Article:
Northern Ireland third in GCSE results

Education Minister John O'Dowd and Employment and Learning Minister Dr Stephen Farry who congratulated St Genevieve's High School pupils Stephen Hare, Jacinta Hamley and David Beattie on their GCSE results.  Picture by Brian  Morrison. Northern Ireland is not the best performing region for GCSEs, according to official statistics analysed by agendaNi. Five passes at grades A*-C (including English and maths) is the standard measure of success.

Finalised statistics for 2013 show that this was attained by 60.9 per cent of pupils taking the exams in Northern Ireland. This was behind South East England (62.5 per cent) and London (65.1 per cent) based on figures published by the Department for Education at www.gov.uk.dfe

The province is regularly described as having the best results in the UK but a full four-nation comparison is not possible as Scotland has a separate system (standard grades). The North East and the East Midlands were the lowest performing English regions – both on 59.3 per cent – while Wales was lowest overall on 52.7 per cent.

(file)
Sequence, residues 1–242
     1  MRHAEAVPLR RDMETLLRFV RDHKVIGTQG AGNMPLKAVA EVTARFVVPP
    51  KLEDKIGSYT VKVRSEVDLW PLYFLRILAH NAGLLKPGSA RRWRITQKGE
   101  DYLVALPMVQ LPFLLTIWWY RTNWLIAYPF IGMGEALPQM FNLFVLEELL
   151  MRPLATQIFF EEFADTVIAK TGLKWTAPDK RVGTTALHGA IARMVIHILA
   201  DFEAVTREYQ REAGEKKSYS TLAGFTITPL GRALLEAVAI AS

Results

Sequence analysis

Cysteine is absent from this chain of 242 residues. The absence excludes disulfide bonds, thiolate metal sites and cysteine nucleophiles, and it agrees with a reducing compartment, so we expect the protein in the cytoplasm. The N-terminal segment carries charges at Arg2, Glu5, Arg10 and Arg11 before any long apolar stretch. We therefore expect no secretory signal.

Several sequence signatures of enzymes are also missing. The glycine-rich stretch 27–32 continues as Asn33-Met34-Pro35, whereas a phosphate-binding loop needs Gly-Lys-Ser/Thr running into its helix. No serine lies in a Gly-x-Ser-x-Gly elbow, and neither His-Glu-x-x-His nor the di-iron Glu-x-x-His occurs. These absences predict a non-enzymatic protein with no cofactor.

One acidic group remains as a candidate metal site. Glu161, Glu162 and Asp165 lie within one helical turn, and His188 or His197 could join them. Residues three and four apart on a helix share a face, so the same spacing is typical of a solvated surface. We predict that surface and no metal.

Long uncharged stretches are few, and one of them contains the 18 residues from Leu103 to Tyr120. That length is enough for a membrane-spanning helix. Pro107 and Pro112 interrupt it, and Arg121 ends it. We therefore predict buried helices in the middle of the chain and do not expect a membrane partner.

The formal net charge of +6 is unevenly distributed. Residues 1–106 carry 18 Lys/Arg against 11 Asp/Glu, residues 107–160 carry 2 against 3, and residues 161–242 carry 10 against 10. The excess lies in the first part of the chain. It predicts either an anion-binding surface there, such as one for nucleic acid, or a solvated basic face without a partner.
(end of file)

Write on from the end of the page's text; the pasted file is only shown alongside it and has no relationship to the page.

London’s affluent suburbs have traditionally had a high performance. The London Challenge programme has increased GCSE pass rates from 40 per cent to 63 per cent in the inner city boroughs over the last decade. This involves assigning experienced advisers to schools who perform an audit and link them into a city-wide network of schools which can share best practice.

GCSEs are to be retained in England, Wales and Northern Ireland for the foreseeable future although England is moving towards a more linear route while the other jurisdictions are retaining modular courses.

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